Episode 197: Eileen Sutton

Eileen Sutton discovered poker later in her life, but that only heightened her passion for the game. In this interview, Eileen beautifully describes her love affair with poker and the strange set of coincidences that resulted in her learning from the likes of Matt Matros, Ed Miller, Matt Berkey, and Christian Soto.

Eileen is the author of The Total Poker Manual. You can follow her on Twitter @PokerForGirls and read the articles she’s written for Red Chip Poker.

In our strategy segment, our correspondent asks about how to play a big draw facing some weird bets.

Nate’s new project is Gonfalon Bubble. Andrew would appreciate, and is offering prizes for, donations to the Bay Area Urban Debate League. Use our Amazon Affiliate links to support the podcast while you do your holiday shopping.

Timestamps

0:30 – Hello & Welcome
14:56 – Strategy
48:27 – Interview: Eileen Sutton

Strategy

Edit: Replaced with the correct hand history!

WSOP Senior’s circuit event in Cherokee, NC. The blinds are 800/1,600 with a 400 ante. I have approximately 42K in chips and villain covers. There are 9 players at the table.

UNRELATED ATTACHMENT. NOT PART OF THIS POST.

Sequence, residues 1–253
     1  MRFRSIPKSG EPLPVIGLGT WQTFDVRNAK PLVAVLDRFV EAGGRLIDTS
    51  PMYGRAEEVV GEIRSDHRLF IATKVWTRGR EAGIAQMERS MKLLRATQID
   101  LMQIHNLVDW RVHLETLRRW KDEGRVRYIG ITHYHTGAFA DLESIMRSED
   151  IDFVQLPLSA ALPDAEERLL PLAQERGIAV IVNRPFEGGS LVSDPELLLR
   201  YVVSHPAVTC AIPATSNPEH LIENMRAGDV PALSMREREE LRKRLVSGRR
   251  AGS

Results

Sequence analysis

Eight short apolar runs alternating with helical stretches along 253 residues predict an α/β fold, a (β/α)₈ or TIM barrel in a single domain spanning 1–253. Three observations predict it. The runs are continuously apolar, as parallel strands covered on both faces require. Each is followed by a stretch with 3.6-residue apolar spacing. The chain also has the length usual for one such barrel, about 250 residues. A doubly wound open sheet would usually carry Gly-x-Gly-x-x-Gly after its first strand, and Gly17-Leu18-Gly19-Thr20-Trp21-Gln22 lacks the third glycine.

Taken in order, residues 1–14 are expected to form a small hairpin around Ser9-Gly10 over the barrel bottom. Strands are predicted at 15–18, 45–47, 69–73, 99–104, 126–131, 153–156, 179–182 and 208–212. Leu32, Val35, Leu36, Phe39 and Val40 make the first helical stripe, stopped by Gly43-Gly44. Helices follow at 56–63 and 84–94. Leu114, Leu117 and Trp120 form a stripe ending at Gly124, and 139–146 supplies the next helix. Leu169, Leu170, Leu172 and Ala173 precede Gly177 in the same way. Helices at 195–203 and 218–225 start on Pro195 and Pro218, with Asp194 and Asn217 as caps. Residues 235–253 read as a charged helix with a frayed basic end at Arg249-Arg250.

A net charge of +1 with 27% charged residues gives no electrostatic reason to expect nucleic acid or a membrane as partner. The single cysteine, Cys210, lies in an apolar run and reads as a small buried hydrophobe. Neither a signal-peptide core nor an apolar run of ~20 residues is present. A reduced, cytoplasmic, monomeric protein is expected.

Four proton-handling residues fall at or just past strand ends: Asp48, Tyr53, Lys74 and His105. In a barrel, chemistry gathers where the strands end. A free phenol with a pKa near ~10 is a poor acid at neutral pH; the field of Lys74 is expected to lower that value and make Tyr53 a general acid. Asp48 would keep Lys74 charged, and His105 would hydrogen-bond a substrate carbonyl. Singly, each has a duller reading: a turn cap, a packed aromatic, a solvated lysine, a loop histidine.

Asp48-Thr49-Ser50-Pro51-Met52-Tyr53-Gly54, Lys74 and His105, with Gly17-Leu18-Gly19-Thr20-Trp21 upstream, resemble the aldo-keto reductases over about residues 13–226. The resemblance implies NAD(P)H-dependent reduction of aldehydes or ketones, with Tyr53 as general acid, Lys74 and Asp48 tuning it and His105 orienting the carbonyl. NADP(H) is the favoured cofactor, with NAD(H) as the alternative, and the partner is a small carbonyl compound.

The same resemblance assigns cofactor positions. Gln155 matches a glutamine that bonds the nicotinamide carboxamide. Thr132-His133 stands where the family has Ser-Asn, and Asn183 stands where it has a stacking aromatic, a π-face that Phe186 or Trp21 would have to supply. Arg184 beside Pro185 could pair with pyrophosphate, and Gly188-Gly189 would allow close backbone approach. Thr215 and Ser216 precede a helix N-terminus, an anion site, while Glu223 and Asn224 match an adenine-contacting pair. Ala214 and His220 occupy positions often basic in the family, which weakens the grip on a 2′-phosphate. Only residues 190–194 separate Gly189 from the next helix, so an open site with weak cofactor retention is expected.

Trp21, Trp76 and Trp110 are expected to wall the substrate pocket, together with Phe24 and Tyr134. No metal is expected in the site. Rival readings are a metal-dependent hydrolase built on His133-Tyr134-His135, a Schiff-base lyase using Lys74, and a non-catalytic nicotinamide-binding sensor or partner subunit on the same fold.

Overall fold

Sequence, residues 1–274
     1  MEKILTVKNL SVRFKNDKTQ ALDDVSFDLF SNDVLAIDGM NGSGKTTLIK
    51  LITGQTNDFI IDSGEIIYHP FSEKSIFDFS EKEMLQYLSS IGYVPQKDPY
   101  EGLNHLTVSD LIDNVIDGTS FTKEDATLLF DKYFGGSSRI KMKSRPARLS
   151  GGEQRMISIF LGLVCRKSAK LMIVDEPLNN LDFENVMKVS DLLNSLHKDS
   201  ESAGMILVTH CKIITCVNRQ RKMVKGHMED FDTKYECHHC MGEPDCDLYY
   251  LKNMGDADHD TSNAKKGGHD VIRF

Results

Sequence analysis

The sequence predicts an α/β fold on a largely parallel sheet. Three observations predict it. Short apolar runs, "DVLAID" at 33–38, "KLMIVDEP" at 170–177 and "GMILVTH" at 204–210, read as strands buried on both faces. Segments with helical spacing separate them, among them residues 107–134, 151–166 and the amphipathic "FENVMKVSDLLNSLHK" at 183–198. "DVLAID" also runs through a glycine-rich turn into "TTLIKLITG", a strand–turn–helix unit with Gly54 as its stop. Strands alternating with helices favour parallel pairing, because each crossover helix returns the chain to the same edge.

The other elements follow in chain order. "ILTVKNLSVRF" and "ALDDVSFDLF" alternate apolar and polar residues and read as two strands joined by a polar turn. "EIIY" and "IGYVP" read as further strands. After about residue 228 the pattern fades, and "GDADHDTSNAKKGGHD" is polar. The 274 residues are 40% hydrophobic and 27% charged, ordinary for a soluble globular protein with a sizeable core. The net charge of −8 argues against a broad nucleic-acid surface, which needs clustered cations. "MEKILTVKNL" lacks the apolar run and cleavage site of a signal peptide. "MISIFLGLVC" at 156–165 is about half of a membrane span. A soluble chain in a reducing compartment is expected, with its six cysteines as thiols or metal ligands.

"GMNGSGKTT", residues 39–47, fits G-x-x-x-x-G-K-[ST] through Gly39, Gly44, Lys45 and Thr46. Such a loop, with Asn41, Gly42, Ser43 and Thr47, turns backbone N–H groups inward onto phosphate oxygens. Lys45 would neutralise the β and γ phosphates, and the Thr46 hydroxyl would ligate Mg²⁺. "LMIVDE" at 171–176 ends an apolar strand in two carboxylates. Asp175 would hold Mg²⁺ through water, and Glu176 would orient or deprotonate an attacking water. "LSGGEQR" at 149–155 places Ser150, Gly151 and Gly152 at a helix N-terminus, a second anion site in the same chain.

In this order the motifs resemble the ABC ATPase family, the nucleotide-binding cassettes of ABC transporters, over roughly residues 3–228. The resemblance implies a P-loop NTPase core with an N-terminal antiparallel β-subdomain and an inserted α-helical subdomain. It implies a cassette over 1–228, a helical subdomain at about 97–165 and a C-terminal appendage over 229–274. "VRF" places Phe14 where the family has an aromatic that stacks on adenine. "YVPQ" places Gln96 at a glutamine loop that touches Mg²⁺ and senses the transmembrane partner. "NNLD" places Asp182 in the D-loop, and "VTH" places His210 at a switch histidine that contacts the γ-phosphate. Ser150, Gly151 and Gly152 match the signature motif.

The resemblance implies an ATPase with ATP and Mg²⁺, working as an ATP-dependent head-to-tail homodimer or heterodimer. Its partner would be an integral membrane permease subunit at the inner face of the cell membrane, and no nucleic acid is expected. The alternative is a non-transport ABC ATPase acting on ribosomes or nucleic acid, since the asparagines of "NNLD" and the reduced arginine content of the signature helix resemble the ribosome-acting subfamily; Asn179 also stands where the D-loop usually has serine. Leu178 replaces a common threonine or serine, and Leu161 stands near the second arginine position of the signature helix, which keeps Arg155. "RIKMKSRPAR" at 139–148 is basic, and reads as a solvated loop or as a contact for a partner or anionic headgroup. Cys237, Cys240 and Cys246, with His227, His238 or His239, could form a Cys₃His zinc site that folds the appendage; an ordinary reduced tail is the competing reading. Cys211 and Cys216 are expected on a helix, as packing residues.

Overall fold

Villain in 3rd position limps. I am directly to his left with KsQs and raise to 3,500. BB calls.

Pot is now 14,900 and I have 38,100 remaining.

Flop is Jc 8h 4s. BB checks and villain bets 3,000. I call.

Pot is now 20,900 and I have $35,100 remaining. Turn is 9s making the board Jc 8h 4s 3s. Villain again leads for 3,000. I call.

We go to the river with $26,900 pot and my stack at $32,100. The river is a blank and he checks.

2 thoughts on “Episode 197: Eileen Sutton

  1. I’m not sure how accurate this is for Eileen, but in the discussion at the end about showing bluffs I thought of something I read somewhere about reasons to play. So keeping stereotypes intact might be the way to make most money but on the other hand destroying stereotypes can also be something that someone gets out of the game.

    I also think it may be +EV for certain players to show bluffs in certain games. Some opponents (and I’m thinking of a lot of live players here) have a tendency to call too much, so if they are reducing that (and playing more balanced) against players they assume always have it due to stereotyping, then showing the occasional bluff and letting them know it’s ok to always call down (what they really want to do anyway) might be a good strategy.

  2. I truly enjoyed Eileen’s honesty and hearing about her adventures with poker and writing, especially creative writing. It was fascinating to hear about her experience with Matt Matros in her class. Good luck to her in playing, editing, and writing about poker!

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